The effects of the exodus are already visible. Two Brazilian stores have recently been up for sale, though both of the owners told The Brazilian Post that their decision was based on "personal reasons" and that it has nothing to do with the economic crisis. Of course, they are looking for buyers, but haven't found any yet.
How will the shrinking Brazilian community affect the rest of the area? Elaine Morgan, CEO of the Berkeley County Chamber of Commerce, says it is too soon to guess how a Brazilian exodus could affect the local economy. It is typical, she says, for construction workers to migrate to find better jobs, but that many might end up staying because, compared to other areas, the Charleston market is still strong.
Morgan and the chamber had helped organize an event last year with the Brazilian Consulate to help workers deal with their immigration status. She says she thought helping immigrant workers gain visas would benefit everyone.
"That's the key if they want to live and work to make sure they get their visas and things in order," Morgan says.
Most of the immigrants that are here illegally, though, wouldn't be able to get visas unless an immigration reform bill with a path toward legalization passes Congress and is signed into law. In other words, the situation won't change until after the next election, if then.
The community's prospects could improve if the local housing market picks up again. Philip Ford, executive vice-president of the Charleston Trident Home Builders Association, says that while jobs have been cut, he expects the housing market to stabilize next year and perhaps rebound by 2009.
Of course, if the recovery takes much longer than that, many Brazilians will have already left, and the loss of skilled craftsmen — the painters, carpenters, electricians, masons — will force construction companies to adapt. And in the short term at least, there will be an increase in the cost of construction which, in turn, will slow down any prospective rebound.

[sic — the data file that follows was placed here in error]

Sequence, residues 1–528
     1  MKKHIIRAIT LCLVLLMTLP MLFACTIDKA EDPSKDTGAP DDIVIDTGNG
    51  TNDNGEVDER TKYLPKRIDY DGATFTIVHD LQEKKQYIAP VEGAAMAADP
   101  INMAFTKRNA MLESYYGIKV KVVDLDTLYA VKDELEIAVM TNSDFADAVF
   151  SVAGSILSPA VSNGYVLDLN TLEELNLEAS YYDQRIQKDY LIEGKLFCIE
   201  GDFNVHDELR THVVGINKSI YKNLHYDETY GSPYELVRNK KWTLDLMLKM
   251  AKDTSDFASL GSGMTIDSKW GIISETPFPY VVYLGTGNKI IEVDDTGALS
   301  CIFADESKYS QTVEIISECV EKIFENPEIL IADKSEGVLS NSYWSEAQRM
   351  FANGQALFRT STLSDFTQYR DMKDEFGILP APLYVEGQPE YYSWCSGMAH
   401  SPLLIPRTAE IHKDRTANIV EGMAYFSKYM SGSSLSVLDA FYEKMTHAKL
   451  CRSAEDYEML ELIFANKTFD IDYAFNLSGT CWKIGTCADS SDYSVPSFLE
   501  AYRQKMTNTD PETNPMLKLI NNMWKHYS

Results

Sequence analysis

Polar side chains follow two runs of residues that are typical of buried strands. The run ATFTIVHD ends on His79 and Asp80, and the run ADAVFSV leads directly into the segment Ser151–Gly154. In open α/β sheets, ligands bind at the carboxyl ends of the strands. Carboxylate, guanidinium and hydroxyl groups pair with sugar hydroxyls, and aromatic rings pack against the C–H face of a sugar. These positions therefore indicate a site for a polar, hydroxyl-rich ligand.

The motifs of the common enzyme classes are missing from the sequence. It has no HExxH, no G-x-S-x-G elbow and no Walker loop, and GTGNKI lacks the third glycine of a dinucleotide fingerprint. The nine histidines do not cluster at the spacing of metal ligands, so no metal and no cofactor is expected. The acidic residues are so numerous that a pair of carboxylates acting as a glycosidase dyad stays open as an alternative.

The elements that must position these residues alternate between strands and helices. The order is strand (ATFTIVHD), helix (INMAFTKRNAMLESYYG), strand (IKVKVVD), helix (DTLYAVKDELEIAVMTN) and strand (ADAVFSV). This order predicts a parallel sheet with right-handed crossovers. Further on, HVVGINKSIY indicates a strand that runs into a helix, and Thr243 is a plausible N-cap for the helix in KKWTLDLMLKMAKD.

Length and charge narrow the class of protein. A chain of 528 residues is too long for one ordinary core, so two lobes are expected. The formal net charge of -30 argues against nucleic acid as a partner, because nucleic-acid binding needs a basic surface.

But the real economic truth is much more basic then that. Nearly all the Brazilians here work and have a skill of some kind. Whatever you think about immigration law and immigration reform — and there are valid arguments on both sides — it is clear that, in their way, the Brazilians of Goose Creek helped build this area's recent prosperity, and now, they are leaving.
Not everyone is ready to pack. João Silva, who owns a small Brazilian sandwich shop, believes that the community will continue to prosper, because, as he sees it, if people continue to leave, there will be more jobs left for the ones who remain. "I don't know what's going to happen, but I'm going to stay," he says as he busily sweeps the shop's floor.
As it becomes more difficult for Brazilians to migrate to the United States, and as a possible recession forces many of them to leave, it will take more than optimism for Silva and other business owners on Red Bank Highway to keep their stores open. Regardless, The Amazon Grill has a steady stream of American and Brazilian customers that come for the all-you-can-eat buffet, with Brazilian-style grilled meat, and the Saturday feijoadas, or black beans cooked in pork.
There will be shows there throughout the year, and the crowds are still large enough to attract fairly big name acts. The band I saw, Arriba Saia, has played in festivals attended by over 50,000 people in Brazil. "It doesn't matter the amount of people, I play for the love of the music," says Moceguinho, one of the vocalists, after the show. His hopeful attitude, while admirable, may become more necessary than many of his local fans would prefer. The next time his band plays in Goose Creek, he may find that the crowd has become even smaller.